This International Standard identifies four distinct “classes” of LLC operation. Class 1 provides data-link-connectionless-mode service only. Class II provides data-link-connection-mode service plus data-link-con-nectionless-mode service. Class III provides acknowledged-connectionlcss-mode service plus data-link-con-nectionless-mode service. Class IV provides acknowledged-connectionless-mode service plus data-link-connection-mode service plus data-link-connectionless-mode service. Any one of these classes of operation may be supported.

The basic protocols described herein are peer protocols for use in multistation, multiaccess environments. Because of the multistation, multiaccess environment, it shall be possible for a station to be involved in a multiplicity of peer protocol data exchanges with a multiplicity of different stations over a multiplicity of different logical data links and/or data link connections that are carried by a single physical layer (PHY) over a single physical medium. Each unique to-from pairing at the data link layer shall define a separate logical data link or data link connection with separate logical parameters and variables. Except where noted, the procedures described shall relate to each data link layer logical data link or data link connection separately and independently from any other logical data link or data link connection that might exist at the stations involved.

ISO/IEC 10038 : 1993, annex C, provides additional services to allow the MAC service user the ability to determine and use multiple routes through a bridged LAN. This International Standard specifies the provi-sion for an optional Route Determination Entity (RDE) within the LLC sublayer. This entity provides for the discovery and selection of a path (bridged route) for each required data link through the bridged LAN. It does not preclude the LLC service user from providing its own method of discovery and selection of routes.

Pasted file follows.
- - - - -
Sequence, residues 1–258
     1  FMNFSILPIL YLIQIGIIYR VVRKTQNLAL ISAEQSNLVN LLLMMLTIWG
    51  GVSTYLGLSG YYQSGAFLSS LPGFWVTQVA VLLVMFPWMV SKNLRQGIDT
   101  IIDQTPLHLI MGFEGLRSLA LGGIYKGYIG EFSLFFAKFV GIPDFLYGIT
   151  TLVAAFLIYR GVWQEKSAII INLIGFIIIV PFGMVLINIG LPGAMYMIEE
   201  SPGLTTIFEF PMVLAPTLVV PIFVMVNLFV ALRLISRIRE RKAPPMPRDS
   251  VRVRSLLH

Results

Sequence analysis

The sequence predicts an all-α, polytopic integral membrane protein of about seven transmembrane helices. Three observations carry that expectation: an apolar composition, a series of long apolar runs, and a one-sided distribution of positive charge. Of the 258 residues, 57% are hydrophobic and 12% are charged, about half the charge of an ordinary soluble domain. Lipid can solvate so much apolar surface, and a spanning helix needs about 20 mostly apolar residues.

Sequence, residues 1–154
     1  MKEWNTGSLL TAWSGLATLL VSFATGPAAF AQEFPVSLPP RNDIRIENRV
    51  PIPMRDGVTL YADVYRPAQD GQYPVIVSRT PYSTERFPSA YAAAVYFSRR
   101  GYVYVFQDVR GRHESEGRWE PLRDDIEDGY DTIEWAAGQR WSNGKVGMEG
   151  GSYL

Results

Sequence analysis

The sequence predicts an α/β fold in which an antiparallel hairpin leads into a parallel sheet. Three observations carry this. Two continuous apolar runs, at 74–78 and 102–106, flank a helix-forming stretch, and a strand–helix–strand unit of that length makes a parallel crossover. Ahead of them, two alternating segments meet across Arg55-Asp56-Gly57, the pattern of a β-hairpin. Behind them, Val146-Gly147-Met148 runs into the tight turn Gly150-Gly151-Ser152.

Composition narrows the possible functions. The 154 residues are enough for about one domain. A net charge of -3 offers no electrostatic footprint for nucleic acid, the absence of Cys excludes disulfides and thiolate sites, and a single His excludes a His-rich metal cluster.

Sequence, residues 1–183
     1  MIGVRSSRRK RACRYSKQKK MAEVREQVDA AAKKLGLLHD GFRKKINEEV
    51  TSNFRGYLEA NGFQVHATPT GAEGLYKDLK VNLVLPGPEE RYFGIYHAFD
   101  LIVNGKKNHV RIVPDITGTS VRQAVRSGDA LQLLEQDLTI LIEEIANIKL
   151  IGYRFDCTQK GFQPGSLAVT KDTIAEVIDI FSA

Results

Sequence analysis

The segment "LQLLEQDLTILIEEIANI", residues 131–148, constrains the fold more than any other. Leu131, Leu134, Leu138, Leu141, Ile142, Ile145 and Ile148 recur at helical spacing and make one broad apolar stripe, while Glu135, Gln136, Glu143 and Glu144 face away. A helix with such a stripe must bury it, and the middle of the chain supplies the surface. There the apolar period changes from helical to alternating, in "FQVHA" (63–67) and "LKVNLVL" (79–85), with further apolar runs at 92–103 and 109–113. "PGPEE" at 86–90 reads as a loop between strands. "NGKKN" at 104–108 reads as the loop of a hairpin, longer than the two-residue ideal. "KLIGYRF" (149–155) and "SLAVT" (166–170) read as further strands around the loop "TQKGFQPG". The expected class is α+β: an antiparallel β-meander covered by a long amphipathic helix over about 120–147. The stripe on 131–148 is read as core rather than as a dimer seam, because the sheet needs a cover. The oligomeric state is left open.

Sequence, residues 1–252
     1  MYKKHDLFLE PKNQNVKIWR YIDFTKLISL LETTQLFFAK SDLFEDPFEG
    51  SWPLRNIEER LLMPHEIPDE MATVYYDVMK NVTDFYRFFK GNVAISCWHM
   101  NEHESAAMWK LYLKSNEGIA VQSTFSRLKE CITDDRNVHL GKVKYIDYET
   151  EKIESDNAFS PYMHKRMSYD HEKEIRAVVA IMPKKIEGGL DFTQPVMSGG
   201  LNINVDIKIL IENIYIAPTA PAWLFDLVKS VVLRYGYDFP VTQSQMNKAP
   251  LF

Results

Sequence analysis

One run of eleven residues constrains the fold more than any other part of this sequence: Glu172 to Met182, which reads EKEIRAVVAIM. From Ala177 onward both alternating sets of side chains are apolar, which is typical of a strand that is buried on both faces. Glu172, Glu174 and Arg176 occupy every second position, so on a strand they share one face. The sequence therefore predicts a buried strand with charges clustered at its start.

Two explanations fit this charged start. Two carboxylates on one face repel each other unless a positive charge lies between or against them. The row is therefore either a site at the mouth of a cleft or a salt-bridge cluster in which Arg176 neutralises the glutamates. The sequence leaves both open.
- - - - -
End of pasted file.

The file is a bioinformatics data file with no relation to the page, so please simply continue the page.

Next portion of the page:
TO evaluate conformance of a particular implementation, it is necessary to have a statement of which capabilities and options have been implemented. Such a statement is called a Protocol Implementation Conformance Statement (PICS), as defined in ISO/IEC 9646-1 : 1994. This International Standard provides such a PICS proforma (Annex A) in compliance with the relevant requirements, and in accordance with the relevant guidance given in ISO/IEC 9646-2 : 1994.

Content Provider
International Organization for Standardization [iso]

Others Also Bought

Information technology - Telecommunications and information exchange between systems - High-level data link control ...
Integrated circuits - EMC evaluation of CAN transceivers
Road vehicles - Electrical disturbances from conduction and coupling - Part 3: Electrical transient transmission ...
Document History
We have no document history for this standard.
Included in Packages
This standard is not included in any packages.
Amendments & Corrections
Corrected By:

As the voice of the U.S. standards and conformity assessment system, the American National Standards Institute (ANSI) empowers its members and constituents to strengthen the U.S. marketplace position in the global economy while helping to assure the safety and health of consumers and the protection of the environment.